TOWN hall bosses have been left short by £4.5 million after more people claimed council tax relief as their incomes fell during the coronavirus pandemic.

Brighton and Hove City Council’s shortfall was the 25th highest “collection fund” deficit out of 309 English councils, according to figures released by the Ministry of Housing, Communities and Local Government.

The figures were an improvement on a forecast by the council’s acting finance chief Nigel Manvell last December.

Mr Manvell predicted a combined shortfall of £11 million in council tax and business rates as firms going bust left properties empty.

The Argus:

At the time, he told the council’s Policy and Resources Committee that more people were eligible for help with their council tax bills or qualified for exemptions because people were losing their jobs during the pandemic.

The position was a dramatic improvement from last July when Mr Manvell warned that the council faced a potential £49 million black hole in the town hall finances.

The bleak picture was a cautious forecast as adult social care costs soared and the council picked up a £500,000 a month bill for personal protective equipment (PPE). At the same it was losing income from parking and events.

By the end of the financial year, the council’s general budget was underspent by £4.8 million. This was attributed to a mix of extra government grants and lower spending. But there was an £8 million combined deficit in council tax and business rates.

The council is due to receive a £4.5 million government grant towards its combined collection fund deficit for the 2020-21 financial year, which ended in March.

The Argus:

Green councillor Tom Druitt said: “The pandemic has presented many challenges for the finances of residents and the council.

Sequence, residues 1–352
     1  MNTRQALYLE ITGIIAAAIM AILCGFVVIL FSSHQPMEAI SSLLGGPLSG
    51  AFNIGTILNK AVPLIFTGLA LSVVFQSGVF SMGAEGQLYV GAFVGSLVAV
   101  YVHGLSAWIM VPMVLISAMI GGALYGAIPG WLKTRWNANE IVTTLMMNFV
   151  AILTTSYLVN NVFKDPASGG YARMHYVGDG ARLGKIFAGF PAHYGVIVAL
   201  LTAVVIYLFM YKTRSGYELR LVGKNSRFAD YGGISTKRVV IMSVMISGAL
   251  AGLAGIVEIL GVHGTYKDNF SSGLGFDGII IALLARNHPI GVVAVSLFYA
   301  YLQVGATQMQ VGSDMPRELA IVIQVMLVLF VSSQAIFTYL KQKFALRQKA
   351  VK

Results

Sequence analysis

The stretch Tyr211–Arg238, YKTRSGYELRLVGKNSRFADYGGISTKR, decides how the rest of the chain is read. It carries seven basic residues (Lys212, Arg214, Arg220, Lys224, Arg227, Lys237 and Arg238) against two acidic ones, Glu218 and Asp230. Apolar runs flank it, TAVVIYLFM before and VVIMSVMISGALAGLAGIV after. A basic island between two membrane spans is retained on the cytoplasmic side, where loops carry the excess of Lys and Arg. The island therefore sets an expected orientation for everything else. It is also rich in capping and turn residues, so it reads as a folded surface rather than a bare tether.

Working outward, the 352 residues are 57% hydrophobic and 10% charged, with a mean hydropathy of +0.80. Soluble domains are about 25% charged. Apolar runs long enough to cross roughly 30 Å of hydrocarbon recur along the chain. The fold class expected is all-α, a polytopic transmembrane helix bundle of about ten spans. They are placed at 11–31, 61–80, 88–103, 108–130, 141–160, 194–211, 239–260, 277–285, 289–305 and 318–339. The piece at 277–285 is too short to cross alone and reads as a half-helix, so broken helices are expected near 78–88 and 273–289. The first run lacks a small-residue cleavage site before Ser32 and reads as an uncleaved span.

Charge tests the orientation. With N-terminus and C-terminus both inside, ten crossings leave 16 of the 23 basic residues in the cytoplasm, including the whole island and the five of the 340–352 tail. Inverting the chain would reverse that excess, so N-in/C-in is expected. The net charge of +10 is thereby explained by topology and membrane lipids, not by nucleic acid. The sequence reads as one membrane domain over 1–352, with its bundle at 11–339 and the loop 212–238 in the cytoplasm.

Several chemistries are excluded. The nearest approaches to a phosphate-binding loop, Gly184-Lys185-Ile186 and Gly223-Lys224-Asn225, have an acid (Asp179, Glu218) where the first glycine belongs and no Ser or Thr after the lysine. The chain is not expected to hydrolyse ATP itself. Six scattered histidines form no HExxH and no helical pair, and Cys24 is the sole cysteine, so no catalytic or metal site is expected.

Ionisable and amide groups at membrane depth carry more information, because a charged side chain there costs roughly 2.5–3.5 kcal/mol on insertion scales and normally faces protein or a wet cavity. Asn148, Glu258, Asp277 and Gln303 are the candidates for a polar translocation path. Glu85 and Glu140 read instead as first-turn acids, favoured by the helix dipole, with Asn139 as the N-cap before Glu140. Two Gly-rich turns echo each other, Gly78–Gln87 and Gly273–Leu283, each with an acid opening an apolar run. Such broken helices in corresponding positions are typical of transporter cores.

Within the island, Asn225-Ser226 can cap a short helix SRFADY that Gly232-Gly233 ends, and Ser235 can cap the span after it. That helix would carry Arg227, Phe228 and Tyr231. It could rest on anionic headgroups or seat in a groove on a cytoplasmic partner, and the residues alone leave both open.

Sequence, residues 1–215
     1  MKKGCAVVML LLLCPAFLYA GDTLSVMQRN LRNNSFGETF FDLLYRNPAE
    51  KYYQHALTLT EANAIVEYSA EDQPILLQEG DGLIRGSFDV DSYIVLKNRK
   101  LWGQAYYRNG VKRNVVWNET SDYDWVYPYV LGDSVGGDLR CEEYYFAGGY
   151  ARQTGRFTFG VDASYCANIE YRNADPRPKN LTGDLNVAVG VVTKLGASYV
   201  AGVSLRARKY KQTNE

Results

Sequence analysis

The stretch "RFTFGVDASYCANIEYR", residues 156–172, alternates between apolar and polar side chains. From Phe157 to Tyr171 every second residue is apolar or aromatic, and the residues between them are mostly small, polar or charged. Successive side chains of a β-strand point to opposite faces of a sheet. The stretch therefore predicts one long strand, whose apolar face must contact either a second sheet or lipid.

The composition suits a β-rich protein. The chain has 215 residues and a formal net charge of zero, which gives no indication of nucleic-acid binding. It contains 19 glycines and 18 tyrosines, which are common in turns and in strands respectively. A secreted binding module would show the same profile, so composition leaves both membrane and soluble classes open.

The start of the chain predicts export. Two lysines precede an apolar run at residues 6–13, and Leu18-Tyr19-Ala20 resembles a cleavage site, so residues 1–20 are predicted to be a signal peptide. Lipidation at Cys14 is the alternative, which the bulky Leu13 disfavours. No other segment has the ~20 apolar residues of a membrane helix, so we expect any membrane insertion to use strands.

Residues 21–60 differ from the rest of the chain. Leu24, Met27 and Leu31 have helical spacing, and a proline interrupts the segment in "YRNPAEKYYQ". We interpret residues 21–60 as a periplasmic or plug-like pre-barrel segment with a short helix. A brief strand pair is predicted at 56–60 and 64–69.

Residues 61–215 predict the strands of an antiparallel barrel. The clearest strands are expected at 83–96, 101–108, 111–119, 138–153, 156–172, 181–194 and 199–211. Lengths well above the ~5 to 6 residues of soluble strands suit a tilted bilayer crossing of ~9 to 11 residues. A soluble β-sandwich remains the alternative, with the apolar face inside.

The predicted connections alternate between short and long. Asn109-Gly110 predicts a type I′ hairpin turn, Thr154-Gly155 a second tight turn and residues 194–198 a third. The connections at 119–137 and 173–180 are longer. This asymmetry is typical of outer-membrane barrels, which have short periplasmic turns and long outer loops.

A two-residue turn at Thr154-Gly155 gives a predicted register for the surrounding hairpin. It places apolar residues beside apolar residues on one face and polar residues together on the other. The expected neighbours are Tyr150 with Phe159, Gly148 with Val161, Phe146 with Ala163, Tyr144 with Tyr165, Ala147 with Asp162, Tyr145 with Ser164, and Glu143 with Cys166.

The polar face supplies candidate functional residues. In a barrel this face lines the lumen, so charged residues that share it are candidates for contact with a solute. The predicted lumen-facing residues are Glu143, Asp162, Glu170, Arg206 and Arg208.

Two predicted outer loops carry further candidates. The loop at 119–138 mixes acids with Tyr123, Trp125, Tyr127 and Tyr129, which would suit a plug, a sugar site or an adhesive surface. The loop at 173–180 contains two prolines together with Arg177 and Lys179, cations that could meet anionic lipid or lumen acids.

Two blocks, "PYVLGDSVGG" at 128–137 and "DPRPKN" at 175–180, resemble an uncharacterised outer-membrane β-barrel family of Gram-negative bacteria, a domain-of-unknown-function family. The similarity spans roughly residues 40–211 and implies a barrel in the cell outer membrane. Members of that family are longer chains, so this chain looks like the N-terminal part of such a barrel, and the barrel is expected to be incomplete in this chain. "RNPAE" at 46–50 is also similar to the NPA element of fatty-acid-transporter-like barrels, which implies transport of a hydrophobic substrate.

“Like many councils, Brighton and Hove City Council has received less taxation than it expected to – due, primarily, to delays to housing developments being completed across the city, increased numbers of people needing to claim council tax reduction benefit, increased numbers of businesses failing and reduced numbers of start-ups and an impact on collection performance due to more people and businesses experiencing financial difficulties and falling into arrears.

“The government has given some one-off funding to help councils cope with these losses and enabled us to spread these losses over a three-year period which gives us some breathing room.

“Government funding compensated 75 per cent of lost income in Brighton and Hove. This of course helps but did not fill the gap.

“National analysis also suggests that other councils are in a similar position, with a recent public report showing most councils still expect to make cuts.

“We know there are still challenges to come and we want to keep our city on a secure footing.

“After more than 10 years of cuts to council budgets from government, councils are still having to work hard to maintain services for residents, particularly in adult social care.

“So while short-term covid grants have proven vital, we continue to lobby for a long-term financial settlement for councils in order to plan for services well into the future.”